THE NATIONAL HEALTH INSURANCE SCHEME


  Friday 10 April 2009 - 02:05:02

dr with female child pts.jpgBy Dr Dotun Adesina

INTRODUCTION

In 1990, total health spending ranged from less than $10 per capital in several African and Asian countries to more than $2,700 per capital in the U.S.A. As a result of this, the ability of government especially in the 'developing nations', to implement their health policies, strategies, programmes and projects has been greatly affected. This chronic underfunding of the health sector makes it increasingly difficult for the public sector to provide health services for its populace in most part of the developing nations. The achievement of the Millenium Development Goals (MDGs) is also becoming bleak due to inadequate funding.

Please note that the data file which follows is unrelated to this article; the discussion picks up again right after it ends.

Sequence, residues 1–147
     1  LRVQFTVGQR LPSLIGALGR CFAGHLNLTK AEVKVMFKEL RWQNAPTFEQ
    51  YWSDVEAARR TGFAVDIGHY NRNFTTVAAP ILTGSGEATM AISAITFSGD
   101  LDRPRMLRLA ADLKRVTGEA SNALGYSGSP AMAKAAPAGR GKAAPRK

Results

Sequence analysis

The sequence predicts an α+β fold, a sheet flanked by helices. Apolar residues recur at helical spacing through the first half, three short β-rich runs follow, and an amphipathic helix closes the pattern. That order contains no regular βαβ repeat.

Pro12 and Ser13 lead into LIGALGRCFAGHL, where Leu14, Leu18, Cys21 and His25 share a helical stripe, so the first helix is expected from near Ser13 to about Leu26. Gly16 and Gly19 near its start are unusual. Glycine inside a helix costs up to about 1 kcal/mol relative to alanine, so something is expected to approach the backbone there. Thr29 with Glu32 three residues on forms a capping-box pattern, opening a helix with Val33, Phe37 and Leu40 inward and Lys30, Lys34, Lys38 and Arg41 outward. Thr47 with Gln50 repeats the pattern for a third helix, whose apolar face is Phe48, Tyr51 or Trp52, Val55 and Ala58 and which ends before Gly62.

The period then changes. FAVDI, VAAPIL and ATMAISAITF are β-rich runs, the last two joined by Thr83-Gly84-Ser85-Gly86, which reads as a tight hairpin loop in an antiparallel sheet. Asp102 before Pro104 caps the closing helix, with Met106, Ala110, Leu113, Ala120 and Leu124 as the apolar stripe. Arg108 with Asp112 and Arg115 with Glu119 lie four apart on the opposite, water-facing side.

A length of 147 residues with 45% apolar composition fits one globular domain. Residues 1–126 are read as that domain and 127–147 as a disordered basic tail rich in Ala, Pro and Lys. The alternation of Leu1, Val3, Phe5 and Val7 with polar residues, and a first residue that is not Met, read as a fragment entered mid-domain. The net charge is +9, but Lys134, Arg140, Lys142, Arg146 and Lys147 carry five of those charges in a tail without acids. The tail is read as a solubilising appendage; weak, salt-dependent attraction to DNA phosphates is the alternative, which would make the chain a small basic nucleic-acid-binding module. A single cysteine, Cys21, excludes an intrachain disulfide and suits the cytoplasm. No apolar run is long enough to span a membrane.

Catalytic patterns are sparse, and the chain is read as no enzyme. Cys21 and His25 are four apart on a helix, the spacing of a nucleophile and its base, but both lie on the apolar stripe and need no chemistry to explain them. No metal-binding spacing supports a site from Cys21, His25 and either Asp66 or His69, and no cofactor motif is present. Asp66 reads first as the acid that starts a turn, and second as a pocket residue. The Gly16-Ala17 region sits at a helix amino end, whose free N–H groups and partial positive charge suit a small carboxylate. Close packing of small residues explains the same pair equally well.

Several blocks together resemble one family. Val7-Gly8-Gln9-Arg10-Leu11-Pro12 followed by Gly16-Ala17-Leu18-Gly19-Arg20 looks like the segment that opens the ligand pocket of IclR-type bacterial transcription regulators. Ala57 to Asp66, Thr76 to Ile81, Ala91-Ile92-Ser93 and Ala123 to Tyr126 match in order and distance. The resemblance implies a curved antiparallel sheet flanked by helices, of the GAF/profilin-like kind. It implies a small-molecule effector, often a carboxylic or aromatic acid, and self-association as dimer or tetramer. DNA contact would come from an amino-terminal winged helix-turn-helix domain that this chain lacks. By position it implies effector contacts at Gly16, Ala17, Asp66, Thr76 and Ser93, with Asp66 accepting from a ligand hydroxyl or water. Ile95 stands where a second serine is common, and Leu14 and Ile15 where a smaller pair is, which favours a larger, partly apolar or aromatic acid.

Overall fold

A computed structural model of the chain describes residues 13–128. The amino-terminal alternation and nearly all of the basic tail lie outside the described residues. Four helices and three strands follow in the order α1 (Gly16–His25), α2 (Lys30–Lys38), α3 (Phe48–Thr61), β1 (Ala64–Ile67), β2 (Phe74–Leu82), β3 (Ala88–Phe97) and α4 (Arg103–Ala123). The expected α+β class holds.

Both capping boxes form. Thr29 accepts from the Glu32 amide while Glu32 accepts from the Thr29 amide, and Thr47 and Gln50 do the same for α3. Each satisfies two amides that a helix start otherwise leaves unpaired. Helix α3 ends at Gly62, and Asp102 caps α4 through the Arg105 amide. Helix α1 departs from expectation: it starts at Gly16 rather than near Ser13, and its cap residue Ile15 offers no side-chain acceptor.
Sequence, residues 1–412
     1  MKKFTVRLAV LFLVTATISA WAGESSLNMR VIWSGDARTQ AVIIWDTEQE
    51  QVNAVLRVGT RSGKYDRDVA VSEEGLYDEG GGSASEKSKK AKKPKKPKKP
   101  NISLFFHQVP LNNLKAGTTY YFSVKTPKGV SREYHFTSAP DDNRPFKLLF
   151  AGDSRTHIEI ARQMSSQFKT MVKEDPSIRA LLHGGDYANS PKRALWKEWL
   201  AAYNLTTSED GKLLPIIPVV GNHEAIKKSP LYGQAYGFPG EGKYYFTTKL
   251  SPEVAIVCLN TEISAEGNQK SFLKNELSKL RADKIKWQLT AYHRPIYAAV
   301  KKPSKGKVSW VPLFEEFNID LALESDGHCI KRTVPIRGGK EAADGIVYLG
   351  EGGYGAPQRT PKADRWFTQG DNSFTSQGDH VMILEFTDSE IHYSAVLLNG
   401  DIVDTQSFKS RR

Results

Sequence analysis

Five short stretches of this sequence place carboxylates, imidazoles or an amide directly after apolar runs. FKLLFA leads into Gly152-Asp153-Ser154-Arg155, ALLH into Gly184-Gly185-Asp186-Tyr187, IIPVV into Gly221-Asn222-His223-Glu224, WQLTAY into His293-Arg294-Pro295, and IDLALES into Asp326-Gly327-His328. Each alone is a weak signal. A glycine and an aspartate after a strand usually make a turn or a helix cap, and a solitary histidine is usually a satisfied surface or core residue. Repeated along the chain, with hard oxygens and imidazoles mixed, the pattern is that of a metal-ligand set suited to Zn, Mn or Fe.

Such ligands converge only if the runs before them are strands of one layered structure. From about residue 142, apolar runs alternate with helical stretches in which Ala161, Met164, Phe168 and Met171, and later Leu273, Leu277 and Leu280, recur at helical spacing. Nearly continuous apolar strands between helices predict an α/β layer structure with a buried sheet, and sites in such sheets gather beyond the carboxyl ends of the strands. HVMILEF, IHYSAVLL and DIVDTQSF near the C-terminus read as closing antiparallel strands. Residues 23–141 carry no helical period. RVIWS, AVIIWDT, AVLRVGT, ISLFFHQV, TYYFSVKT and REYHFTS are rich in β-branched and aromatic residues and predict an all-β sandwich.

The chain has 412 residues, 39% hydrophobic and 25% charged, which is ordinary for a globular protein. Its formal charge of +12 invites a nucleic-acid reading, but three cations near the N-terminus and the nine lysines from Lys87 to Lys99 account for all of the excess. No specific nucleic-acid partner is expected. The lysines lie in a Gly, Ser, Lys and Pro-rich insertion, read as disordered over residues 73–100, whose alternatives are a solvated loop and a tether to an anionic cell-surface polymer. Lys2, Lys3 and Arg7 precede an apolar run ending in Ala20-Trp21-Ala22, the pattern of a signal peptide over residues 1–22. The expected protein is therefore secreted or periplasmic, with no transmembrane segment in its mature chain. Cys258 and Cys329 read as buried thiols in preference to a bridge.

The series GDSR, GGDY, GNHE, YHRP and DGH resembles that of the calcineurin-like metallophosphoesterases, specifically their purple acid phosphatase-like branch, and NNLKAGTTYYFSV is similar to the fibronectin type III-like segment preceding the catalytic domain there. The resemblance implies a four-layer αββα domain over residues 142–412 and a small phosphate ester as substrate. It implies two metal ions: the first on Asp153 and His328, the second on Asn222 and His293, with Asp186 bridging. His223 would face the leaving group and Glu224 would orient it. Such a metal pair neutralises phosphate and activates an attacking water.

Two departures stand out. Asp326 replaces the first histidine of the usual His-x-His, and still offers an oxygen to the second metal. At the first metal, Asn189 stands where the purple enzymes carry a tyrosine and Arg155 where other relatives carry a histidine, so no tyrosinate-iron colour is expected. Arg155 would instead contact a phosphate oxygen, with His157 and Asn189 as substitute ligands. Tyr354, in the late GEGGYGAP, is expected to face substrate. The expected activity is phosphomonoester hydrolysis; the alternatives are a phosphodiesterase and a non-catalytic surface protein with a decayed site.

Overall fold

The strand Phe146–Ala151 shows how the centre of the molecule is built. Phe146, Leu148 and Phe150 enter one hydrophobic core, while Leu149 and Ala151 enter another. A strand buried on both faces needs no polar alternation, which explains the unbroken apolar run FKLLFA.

In Nigeria, the health sectoris principally financed by the government. The government is faced with various challenges- a stagnant mono-cultural economy that depends on crude oil as a single export commodity, a rapid population growth, political instability and high rate of unemployment. Hence, the government cannot afford to commit enough money to the health sector which is now faced with the consequence of underfunding- decreased efficiency, decreased quality/quantity of service, diminished confidence in public sector health facilities and poor maintenance of equipment. An alternative source of health financing is thus inevitable if our vital health indices in Nigeria will not continue to deteriorate; hence the evolution of the National Health Insurance Scheme in Nigeria. Health Insurance is a means of spreading the risks of incuring health care cost over a group of individuals and households. Healthcare costs are often unaffordable to individuals if they have to pay the full cost of treatment as it occurs. Health Insurance is the pooling of resources by groups of individuals to take care of such needs. It entails risk sharing by contributors, thus individuals with higher resources subsidise those with less and those with low incidence of illness subsidise those who require care more frequently. Health Insurance is defined as the ability to get health services when required without having to pay fully at the time of need because payment has been made by a fixed regular contribution by the insured or his/her employer or both (prepayment plan). The money is pooled by the provider of the insurance to pay for all those needing health care. The other alternative to health insurance is the out of pocket payment at the point of service delivery which has been on in Nigeria for decades. "Out of pocket" payment is the least desirable means of health care financing as it denies access to healthcare to those who cannot afford to pay at the time of their illness. Prepament schemes appear to offer a better healthcare financing option than "out of pocket" schemes. The elimination of "out of pocket" payment option is the goal of health insurance. Health insurance is now regarded as probably the most common form of financing healthcare worldwide. HISTORICAL BACKGROUND Among the industrialised countries, insurance can be traced back to the time of their developing era. Pooling of resources by groups of individuals in order to protect themselves against certain types of adversity such as disability and sickness can be traced back to the 11th and 12th centuries. In European cities, funds were built by guilds from periodic contributions of their members and the money used for members facing problems such as illness. Later in the 18th and early 19th centuries, factory wage earners replaced independent artisans, they formed groups in particular industries and certain localities and called the organisation - 'Sickness Funds'. This insurance idea grew in thousands in Europe in the late 19th century. In 1983, German Chancellor Bismarck enacted a law requiring all workers with wages less than a certain amount to benefit from social insurance. This marked the birth of Social Security Movement. Similar development followed in Austria, Hungary, Great Britain and the Scandinavian Countries. By 1927, all industrialised countries of Europe had followed suit including France although the the range of population coverage and health service benefits differ from country to country. In Africa, Algeria in 1949 adopted a statutory health insurance programme, followed by Libya in 1957, Tunisia in 1960 and Egypt in 1067. Guinea was the first to establish social security for health care in Sub-Saharan Africa. The First attempt at adopting an health insurance system in Nigeria started in 1962 during the First Republic. The Federal Government invited Dr Halevi through the International Labour Organisation (ILO) to look into starting a health insurance system in Lagos. The then Minister for Health Dr Majekodunmi also presented the first bill to the parliament. The Nigerian civil war years caused the matter to be shelved but was resuscitated by the health council in 1984 when a committee was commissioned to study the National Health Insurance. In 1988, Professor Olikoye Ransome-Kuti commissioned the National Committee on Establishment of the NHIS, chaired by Emma-Eronmi. In 1989, Eronmi committee report was submitted and approved by the Federal Executive Council. The United Nations Development Programme (UNDP) and International Labour Organisation (ILO) consultants conducted their own studies in Nigeria to provide costing, draft legislation and implementation guidelines for establishing the NHIS in 1992. The Federal Executive Council which had given its approval in 1989 directed the Federal Ministry of Health in 1993 to start the scheme. In 1999, the enabling decree - Decree 35 was promulgated - May 10, 1999. On the 6th of June 2005, the fomal sector of the social health insurance scheme was flagged off by Chief Olusegun Obasanjo the then president of the Federal Republic of Nigeria. As at today, the scheme has covered all the Federal Ministries, Parastatals, Agencies, the Nigerian Police and Armed Forces. It is also firmly established in the organised private sector. OBJECTIVES The objectives of the NHIS are mainly 1) To ensure that every Nigerian has access to good healthcare services. 2) To solve the problem of inappropriate use of levels of healthcare, leading to unnecessary cost and under-utilization of specialized facilities ensuring equitable patronage of all levels of health care. 3) To improve and harnes private sector participation in health care service delivery and to ensure institutional quality assurance. 4) Protect families from the financial hardship of huge medical bills 5) To ensure equitable distribution of healthcare cost among different income groups 6) Limiting the rise in the cost of healthcare service 7) To maintain high standard of healthcare delivery services within the scheme. 8)To ensure availability of funds to the health sector for improved services and foster research in the health sector. 9) To ensure efficiency in healthcare services 10) To ensure adequate distibution of health facilities within the federation. BENEFITS OF THE SCHEME The benefits derived from participation in the scheme are defined by law and include; • Hospital in-patient and out-patient care • General practitioner services in the communities • Physician specialist services • Medicaments • Ancillary Services such as X-Ray, Laboratory tests • Vision test and spectacles • Prostheses, appliances and rehabilitation • Basic dental maintenances • Reconstructive dental care • Preventive care including immunisation, family planning, ante-natal care, post -natal care and health education TYPES OF HEALTH INSURANCE SCHEME 1) Private:- This is through employer-owned on-sight health facilities or through contract with outside providers. Private health insurance individuals (volunteers, privately imployed) are catered for by agencies. It is devoid of ristk sharing, benefits are not as of right. The measure given by the individual or the employer is the same measure of service received. Benefits are not uniform, contribution payable is based strictly on the need of individual i.e the higher the health needs of the contributor, the higher the payment. 2) Social:- Payment is irrespective of needs and is usually based on employment and income. It is a form of payroll tax sharing between employers and employee earmarked to pay for health care. It is based on solidarity. Resources are pooled together among large population and it enhances security of each individual in the group. 3) Community Sponsored Insurance:- A community based programme which normally operates in the rural areas and mostly localised. It is co-ordinated and organised by cooperative societies, unions and non-governmental organisations. An example is the Country Women Association of Nigeria (COWAN) a rural co-operative union which has operated a credit-linked Halth Dvelopment Fund (HDF) since 1989. The overall goal of this laudable scheme is to provide access to qualitative health care to the teeming population of Nigerians at an affordable cost and least possible inconvenience. The success will thus depend on popular understanding and implementation on the part of everyone that is involved in the scheme. The client (the subscribed population), the care-giver (professionals in the health sector), the health maintenance organisations (the managers of the scheme)and the NHIS secretariat ( the umpire) will have to protect the scheme from the corruption bug in Nigeria as it gradually evolves into a formidable force in providing alternative to health care funding in NIgeria. We hope to contribute to this success by ensuring a proper understanding among all players and by periodic appraisals of the scheme. Offer your suggestions on ways by which the scheme can be fine-tuned and further strengthened. HOW THE SCHEME OPERATES IN NIGERIA There are five major stakeholders in the scheme: a) Employer b) Employee c) Primary Care Providers - Primary and Secondary d) Health Maintenance Organisations - Operators of the scheme e) Government Agency (NHIS) - Regulator of the scheme. For participation in the scheme, contributors will first register with an NHIS approved HMO and thereafter register with a primary health care provider of their choice from an approved list of providers registered by their HMO. The contributor and his/her dependants are issued ID cards on registration. In the event of sickness, he presents to his chosen Primary Care Provider (PCP) with his ID card. A contributor has the right to change his PCP after a minimum of six months if he is not satisfied with the services there. A contribution made by the insured person entitles his or her spouse and four children under the age of 18years to full health benefits. However, students in school up to the age of 25 years qualify as dependants. Extra contribution will be required for additional dependants. Contribution to be made by formal sector employees for health benefits under the scheme will be 15% of wages, the payment of which will be by both the employee and the employer. The employee pays 5% while the employer pays the remaining 10%. The employee's part of the contribution is deducted from his pay with the employer adding the remaining and forwarding the total payment to the appropriate quarters - HMO and NHIS. The implementation of the scheme will be in phases to cover all Nigerian Organised as follows; • Employers in the formal sector (Public and Private). Their contribution will be paid by their employers and those in public sector by the Federal, Sate and Local Government. Parastertals, ministries and agencies as appropriate. • Self employed person (market women, traders, artisans, farmers, business men etc.). They will be encouraged to pay their contributions either by themselves or through co-operative bodies formed by them. • Employer of labour with ten or more workers in their establishment are to subscribe to the scheme and make contributions for their employees as aforementioned. • Rural dwellers- These group will enjoy suitably tailored programmes designed for them which will be implemented in consultations with various organisations like banks, co-operatives, donor agencies, NGOs, local, state and federal governments. • Vulnerable groups which include the unemployed, the aged, the disabled, the street children, retarded children and retirees. Their contribution is expected to be made by the Federal, State and Local governments, NGO, local communities and philantropists. The implementation of this coverage plan is however expected to be in phases. As it is today, only the employees of Federal Government ministries, agencies, staff of the Nigerian Police Force,Ngeria Army and employees of the organised private sector enjoy the scheme in Nigeria. STRATEGIES/IMPLEMENTATION ACTION POINTS IN NIGERIA Reservations have been expressed regarding the public sector's capacity to manage such an administratively cumbersome scheme, given the poor performance of most public enterprises such as the National Housing Fund and Natioanl Providence Fund. In the evolution of the National Health Insurance Scheme therefore, recognition of inefficient and inappropriate use of resources as prevalent and recurring problems in the health sector informed the decision to make the scheme private sector driven. This private sector participation is expected to enhance financial probity and effective management. The function of the HMOs include; • Collection of contributions from eligible employers adn employees • Collection of contributions from other contributors • Payment of health care providers fro services rendered. • Maintenance of quality assurance in the delivery of the health care benefits under the scheme. Private or public individuals/establishment may form these organisations which are limited liability companies solely formed for the purpose of provision of health services and registered under the scheme. Health care providers are primary and secondary in category. The primary health care providers are the gate keepers. They will serve as first contact with the care system. They include: - Private clinics/hospitals - Primary health care centres (private or government) - Nursing and maternity homes (overseen by doctors) - Outpatient departments of General, Specialist and Teaching Hospitals. Payments for services rendered by these providers to contributors is by capitation. Capitation is a predetermined sum of money paid by the HMO on behalf of a contributor for services rendered by the provider. This payment is made monthly whether the services are used or not. Secondary health care providers include Specialist doctors, pharmacists, laboratory scientists, radiographers, physiotherapists and dentists. They provide services to the contributors on referal from the primary health care providers. Their payment is made by HMOs on a fee-for-service basis.